h. Amend the fifth sentence of paragraph (l)(1)(x)(C) by removing the words “$40,000, except for those violations listed in paragraph (l)(1)(i) of this section, where the total amount of civil money penalties may not exceed the maximum amount for violations occurring during a single investigation specified in § 3.91(b)(3)(v) of this title for trafficking violations, or § 3.91(b)(3)(vi) of this title for selling firearms, ammunition, explosives, or controlled substances in exchange for food instruments.” and adding in their place the words “an amount specified in § 3.91(b)(3)(v) of this title as the maximum penalty for violations occurring during a single investigation.”;

i. Amend paragraph (l)(2)(i) by removing the words “$10,000 for each violation.” in the fourth sentence, and adding in their place the words “a maximum amount specified in §3.91(b)(3)(v) of this title for each violation.”, and by removing the word “$40,000.” in the fifth sentence, and adding in its place the words “an amount specified in §3.91(b)(3)(v) of this title as the maximum penalty for violations occurring during a single investigation.”; and

j. Revise paragraph (l)(3).

The revisions and additions read as follows:

Food delivery systems.
* * * * *

(g) * * *

(3) * * *

(i) * * * The State agency may not authorize a vendor applicant unless it determines that the vendor applicant obtains infant formula only from sources included on the State agency's list described in § 246.12(g)(10).

* * * * *

(iv) Provision of incentive items. The State agency may not authorize or continue the authorization of an above-50-percent vendor, or make payments to an above-50-percent vendor, which provides or indicates an intention to provide prohibited incentive items to customers. Evidence of such intent includes, but is not necessarily limited to, advertising the availability of prohibited incentive items.

(A) The State agency may approve the following incentive items to be provided by above-50-percent vendors to customers:

(1) Food or merchandise obtained at no cost to the vendor, subject to documentation;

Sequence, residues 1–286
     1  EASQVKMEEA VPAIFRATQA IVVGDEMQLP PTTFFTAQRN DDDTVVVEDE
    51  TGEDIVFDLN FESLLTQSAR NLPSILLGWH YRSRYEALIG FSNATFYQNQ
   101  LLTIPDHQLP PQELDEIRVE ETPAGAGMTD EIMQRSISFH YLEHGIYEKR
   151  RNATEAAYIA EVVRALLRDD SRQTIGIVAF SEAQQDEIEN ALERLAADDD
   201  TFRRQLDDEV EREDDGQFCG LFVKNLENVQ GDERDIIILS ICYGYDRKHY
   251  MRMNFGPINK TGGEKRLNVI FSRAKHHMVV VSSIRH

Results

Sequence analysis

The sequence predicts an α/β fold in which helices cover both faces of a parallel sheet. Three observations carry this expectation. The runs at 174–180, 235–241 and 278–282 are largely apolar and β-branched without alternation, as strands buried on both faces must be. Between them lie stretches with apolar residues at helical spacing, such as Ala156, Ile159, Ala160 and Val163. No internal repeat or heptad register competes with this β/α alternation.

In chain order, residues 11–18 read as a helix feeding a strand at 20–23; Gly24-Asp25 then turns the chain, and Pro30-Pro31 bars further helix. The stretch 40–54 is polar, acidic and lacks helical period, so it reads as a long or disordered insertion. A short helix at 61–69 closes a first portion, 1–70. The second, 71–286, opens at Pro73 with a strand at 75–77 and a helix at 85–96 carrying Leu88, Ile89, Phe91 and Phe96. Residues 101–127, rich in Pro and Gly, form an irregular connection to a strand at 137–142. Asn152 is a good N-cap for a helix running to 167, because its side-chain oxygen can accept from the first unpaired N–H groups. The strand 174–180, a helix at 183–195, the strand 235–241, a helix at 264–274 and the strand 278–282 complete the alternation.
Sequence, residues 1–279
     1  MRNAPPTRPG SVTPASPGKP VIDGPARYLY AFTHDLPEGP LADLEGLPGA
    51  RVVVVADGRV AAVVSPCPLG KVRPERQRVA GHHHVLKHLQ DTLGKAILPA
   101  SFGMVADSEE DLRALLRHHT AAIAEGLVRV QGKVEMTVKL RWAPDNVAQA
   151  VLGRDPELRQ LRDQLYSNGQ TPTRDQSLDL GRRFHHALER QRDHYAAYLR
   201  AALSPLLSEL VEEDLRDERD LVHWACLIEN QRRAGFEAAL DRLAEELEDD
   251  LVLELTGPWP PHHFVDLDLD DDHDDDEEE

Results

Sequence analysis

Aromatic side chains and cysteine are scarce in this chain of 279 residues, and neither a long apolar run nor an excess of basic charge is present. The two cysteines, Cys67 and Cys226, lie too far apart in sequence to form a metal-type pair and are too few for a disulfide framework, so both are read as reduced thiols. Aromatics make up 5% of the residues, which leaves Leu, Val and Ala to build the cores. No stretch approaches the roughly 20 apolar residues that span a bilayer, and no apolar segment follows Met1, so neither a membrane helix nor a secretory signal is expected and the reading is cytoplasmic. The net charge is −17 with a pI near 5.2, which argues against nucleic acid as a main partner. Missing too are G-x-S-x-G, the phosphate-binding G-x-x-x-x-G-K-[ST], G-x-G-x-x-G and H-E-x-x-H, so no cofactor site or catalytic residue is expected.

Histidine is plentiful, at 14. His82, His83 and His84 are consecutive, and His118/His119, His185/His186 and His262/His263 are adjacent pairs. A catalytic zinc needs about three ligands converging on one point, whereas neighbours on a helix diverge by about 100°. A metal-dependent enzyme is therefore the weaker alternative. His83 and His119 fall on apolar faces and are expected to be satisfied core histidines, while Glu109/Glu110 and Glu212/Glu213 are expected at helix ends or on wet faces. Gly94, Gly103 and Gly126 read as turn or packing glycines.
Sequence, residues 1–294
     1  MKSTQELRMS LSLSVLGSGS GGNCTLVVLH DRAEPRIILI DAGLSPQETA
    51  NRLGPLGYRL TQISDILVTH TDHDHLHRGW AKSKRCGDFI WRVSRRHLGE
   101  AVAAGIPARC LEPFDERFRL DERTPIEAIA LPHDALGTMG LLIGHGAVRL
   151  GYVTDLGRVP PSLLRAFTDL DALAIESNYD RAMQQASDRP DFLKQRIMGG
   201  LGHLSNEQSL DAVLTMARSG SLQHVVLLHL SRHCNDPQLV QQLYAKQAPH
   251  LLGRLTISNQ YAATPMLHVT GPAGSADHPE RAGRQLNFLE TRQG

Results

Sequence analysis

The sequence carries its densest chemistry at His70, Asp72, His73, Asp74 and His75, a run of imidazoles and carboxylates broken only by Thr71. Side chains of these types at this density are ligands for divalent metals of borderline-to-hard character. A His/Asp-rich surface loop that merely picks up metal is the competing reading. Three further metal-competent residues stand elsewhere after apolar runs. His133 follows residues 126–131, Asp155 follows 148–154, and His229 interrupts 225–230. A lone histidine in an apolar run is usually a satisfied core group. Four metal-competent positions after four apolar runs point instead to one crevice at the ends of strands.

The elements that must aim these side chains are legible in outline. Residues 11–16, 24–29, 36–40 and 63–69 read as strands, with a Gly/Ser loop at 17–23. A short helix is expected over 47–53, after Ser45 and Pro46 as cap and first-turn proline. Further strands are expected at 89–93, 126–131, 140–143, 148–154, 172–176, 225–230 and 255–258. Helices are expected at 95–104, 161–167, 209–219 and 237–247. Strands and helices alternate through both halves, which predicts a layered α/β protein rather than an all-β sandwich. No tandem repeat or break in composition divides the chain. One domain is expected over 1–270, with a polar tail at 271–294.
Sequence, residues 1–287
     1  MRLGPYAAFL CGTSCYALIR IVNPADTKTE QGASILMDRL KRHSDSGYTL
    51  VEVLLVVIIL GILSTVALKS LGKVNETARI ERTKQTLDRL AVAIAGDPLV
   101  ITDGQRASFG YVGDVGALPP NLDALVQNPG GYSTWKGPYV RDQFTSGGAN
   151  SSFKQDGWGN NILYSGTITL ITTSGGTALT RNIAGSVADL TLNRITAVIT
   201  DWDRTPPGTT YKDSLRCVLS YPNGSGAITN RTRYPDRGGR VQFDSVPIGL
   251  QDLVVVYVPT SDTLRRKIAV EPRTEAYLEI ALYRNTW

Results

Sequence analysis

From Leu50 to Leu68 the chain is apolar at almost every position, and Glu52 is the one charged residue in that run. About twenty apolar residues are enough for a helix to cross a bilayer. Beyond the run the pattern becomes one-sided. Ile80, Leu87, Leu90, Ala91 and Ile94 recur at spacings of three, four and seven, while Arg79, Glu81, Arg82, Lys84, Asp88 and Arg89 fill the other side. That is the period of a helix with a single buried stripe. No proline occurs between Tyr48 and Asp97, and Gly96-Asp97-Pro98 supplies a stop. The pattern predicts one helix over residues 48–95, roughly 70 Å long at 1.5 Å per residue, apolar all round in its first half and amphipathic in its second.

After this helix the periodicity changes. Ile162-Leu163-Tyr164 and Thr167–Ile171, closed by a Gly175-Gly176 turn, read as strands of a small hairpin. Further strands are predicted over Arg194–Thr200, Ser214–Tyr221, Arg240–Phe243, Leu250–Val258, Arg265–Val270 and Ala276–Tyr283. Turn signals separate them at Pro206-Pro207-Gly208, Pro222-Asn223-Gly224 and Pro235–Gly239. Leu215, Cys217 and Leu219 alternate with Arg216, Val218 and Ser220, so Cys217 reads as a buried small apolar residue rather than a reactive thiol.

(2) Food or merchandise of nominal value, i.e., having a per item cost of less than $2, subject to documentation;

(3) Food sales and specials which involve no cost or less than $2 in cost to the vendor for the food items involved, subject to documentation, and do not result in a charge to a WIC food instrument for foods in excess of the foods listed on the food instrument;

(4) For-profit services which are not otherwise prohibited and are purchased by participants at a fair market value based on comparable for-profit services; and

(5) Minimal customary courtesies of the retail food trade, such as helping the customer to obtain an item from a shelf or from behind a counter, bagging food for the customer, and assisting the customer with loading the food into a vehicle.

(B) The following incentive items are prohibited for above-50-percent vendors to provide to customers:

(1) Services which result in a conflict of interest or the appearance of such conflict for the above-50-percent vendor, such as assistance with applying for WIC benefits;

(2) Incentive items allowed under paragraph (g)(3)(iv)(A) of this section, at the discretion of the State agency;

(3) Lottery tickets provided to customers at no charge or below face value;

(4) Cash gifts in any amount for any reason;

(5) Anything made available in a public area as a complimentary gift which may be consumed or taken without charge;

(6) An allowable incentive item provided more than once per customer per shopping visit, regardless of the number of customers or food instruments involved, unless the incentive items had been obtained by the vendor at no cost or the total value of multiple incentive items provided during one shopping visit would not exceed the less-than-$2 nominal value limit;

(7) Food, merchandise or services of greater than nominal value provided to the customer;

(8) Food, merchandise sold to customers below cost, or services purchased by customers below fair market value;

(9) Any kind of incentive item which incurs a liability for the WIC Program; and

(10) Any kind of incentive item which violates any Federal, State, or local law or regulations.

* * * * *